DOMINIC THIEM: I like to play against guys with a one-handed backhand because maybe some things are a little bit easier against them. Maybe you can build a point a little bit easier against them if you play some high balls on the backhand. Everybody with a single-handed backhand has some problems there.

So I really like it. But I played against Tsitsipas and now Marco with a single-handed backhand. They both have a great one. So it's tough, anyways.

Q. What can you take away from your wins against Rafa on clay? You have won against him three times already and lately, as well.
DOMINIC THIEM: For sure I can take some things off that. If I want to beat him, I have to play that way like I did in Rome and in Madrid.

But I'm also aware that here it's tougher. He likes the conditions more here than in Madrid, for sure. Best of five is also different story.

I think also a good thing is that I faced him already twice here.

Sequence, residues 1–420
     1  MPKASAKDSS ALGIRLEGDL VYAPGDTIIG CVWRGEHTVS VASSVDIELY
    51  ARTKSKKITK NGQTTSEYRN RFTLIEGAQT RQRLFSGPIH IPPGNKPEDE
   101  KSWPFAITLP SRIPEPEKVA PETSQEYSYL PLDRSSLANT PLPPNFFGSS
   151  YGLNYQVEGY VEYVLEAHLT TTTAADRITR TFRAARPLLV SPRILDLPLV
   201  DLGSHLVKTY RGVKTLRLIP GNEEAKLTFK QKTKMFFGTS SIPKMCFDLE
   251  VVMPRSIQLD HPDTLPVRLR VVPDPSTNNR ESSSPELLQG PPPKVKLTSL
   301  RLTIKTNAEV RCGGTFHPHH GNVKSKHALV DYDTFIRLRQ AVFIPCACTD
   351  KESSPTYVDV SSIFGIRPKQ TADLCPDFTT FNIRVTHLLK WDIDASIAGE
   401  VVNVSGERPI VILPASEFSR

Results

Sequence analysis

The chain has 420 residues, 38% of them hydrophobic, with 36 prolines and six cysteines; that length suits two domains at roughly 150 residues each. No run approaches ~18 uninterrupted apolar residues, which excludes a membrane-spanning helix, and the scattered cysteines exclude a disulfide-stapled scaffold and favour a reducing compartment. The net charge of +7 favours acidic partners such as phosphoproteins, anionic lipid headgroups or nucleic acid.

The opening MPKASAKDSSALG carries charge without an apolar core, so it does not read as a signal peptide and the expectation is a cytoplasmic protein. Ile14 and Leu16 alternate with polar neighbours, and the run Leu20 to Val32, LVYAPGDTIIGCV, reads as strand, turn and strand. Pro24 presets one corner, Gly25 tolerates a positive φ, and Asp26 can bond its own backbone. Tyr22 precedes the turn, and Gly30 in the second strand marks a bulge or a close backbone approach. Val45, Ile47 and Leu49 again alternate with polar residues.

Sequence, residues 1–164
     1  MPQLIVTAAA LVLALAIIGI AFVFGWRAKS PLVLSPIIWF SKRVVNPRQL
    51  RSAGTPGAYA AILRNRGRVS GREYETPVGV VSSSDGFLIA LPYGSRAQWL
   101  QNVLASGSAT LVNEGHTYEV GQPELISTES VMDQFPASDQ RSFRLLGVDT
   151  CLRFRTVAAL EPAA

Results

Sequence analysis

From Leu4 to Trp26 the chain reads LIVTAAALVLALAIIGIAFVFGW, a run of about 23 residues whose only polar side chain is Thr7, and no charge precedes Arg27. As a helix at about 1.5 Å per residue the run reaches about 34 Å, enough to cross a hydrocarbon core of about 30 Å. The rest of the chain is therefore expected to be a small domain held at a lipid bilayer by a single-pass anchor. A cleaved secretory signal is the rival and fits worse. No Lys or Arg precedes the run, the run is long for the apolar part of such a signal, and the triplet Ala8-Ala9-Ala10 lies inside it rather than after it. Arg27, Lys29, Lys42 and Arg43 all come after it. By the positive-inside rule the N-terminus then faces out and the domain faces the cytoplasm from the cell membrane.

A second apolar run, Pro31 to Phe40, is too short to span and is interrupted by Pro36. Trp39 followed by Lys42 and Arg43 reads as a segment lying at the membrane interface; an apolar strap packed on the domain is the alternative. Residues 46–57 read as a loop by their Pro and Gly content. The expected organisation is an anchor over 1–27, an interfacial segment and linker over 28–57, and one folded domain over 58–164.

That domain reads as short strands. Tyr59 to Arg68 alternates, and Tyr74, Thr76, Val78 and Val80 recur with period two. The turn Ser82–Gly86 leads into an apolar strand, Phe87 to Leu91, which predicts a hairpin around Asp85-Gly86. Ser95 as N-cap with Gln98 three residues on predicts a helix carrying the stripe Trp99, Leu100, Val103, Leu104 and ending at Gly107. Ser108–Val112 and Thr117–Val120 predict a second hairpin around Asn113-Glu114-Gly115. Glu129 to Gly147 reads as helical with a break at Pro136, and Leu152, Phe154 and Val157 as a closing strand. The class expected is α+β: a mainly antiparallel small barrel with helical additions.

Q. Finalists at Grand Slams face pressure, sometimes for different reasons, from the media and from tennis fans, and there is an element of pressure when you walk out on to the court. How do you deal with the pressure? Does it hold you back or is it something that you thrive on and embrace?
DOMINIC THIEM: Of course there is pressure especially in Grand Slam finals, because I went a very long way now and I don't want to lose the finals; otherwise, it's not a very nice feeling. But on the other hand, it's so tough to go all the way in such a tournament.

I think if I'm facing Rafa, I'm not the one who has the pressure (smiling).

Q. Your military service really sets you apart from most of your contemporaries. Of course we have all read that you did it and you juggled both. But what about that service transfers to tennis, either mentally or physically?
DOMINIC THIEM: Nothing (smiling). Zero. I'm not a big fan of the military service. It was a pain in the ass these three, four weeks, seriously.